Meaning: Nature name
Other forms of the name: Oakley
I really love this name, I adore that hard K at the end and how short but stable it is. Although I can only really imagine this name on a boy, it could be used just as easily for a girl.
The oak is a grand old thing, it is in the genus Quercus which means “oak tree” in Latin. There are about 600 species in Quercus genus. The leaves are beautiful and are spirally arranged, the flowers are called catkins which bloom in the spring, the fruit is the acorn, inside the little cup or cupule is about one seed that takes 6-18 months to mature. The wood of the oak is extremely strong and very resistant to bugs and funguses, when cut a certain way the grain markings are very beautiful and has been prized since the Middle Ages.
The oak is a symbol of strength, it is a common choice for a national tree. England, United States, France, Germany, Wales, Poland, Estonia, and many more have chosen this as their national tree.
The Druids loved to practice their rites in oak groves; mistletoe was one of their favorite magic plants and oak trees often grew it. Oak leaves have a connection with rain too, as goes the Irish saying:
“If the oak before the ash,
Then we’ll only have a splash.
If the ash before the oak,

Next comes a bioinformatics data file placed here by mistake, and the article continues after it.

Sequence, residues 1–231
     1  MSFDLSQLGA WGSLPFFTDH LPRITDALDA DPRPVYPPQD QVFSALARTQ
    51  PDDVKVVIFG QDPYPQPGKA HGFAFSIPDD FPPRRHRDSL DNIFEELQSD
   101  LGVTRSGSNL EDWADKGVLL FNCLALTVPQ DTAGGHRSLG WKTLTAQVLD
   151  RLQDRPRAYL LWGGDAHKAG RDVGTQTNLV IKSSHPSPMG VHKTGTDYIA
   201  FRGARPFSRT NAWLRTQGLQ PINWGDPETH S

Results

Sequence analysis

Then we’ll surely have a soak!”
Hollowed oaks were supposed to be the homes of elves, fairies, spirits, or demons. If you passed one you were supposed to turn your coat inside out so their magic couldn’t work. In Celtic Tree Astrology if you are born under the oak (June tenth-July seventh) you are a gentle, nurturing and helpful person who speaks for those who do not have voices.
The Oak King is the Lord of the Greenwood, his is the light twin to the dark Holly King, he rules from Midwinter to Midsummer. In Midwinter the Oak King starts to battle with Holly King for the favor of the Goddess, the Lady of the Greenwood. Each year the Oak King slays the Holly King at Midwinter but the Holly King does not die, just goes to rest in Caer Arianrhod until they battle again at Midsummer. The two never truly kill each other, for they could not exist without one another.
And here is a poem I think is beautiful, “I saw in Louisiana a Live-Oak Growing” by Walt Whitman:
“I saw in Louisiana a live-oak growing,
All alone stood it and the moss hung down from the branches,
Without any companion it grew there uttering joyous of dark green,
And its look, rude, unbending, lusty, made me think of myself,
But I wonder’d how it could utter joyous leaves standing alone there
without its friend near, for I knew I could not,
And I broke off a twig with a certain number of leaves upon it and
twined around it a little moss,
And brought it away, and I have placed it in sight in my room,
It is not needed to remind me as of my own dear friends,
(For I believe lately I think of little else than of them,)
Yet it remains to me a curious token, it makes me think of manly love;
For all that, and though the live-oak glistens there in Louisiana
solitary in a wide in a wide flat space,
Uttering joyous leaves all its life without a friend a lover near,
I know very well I could not.”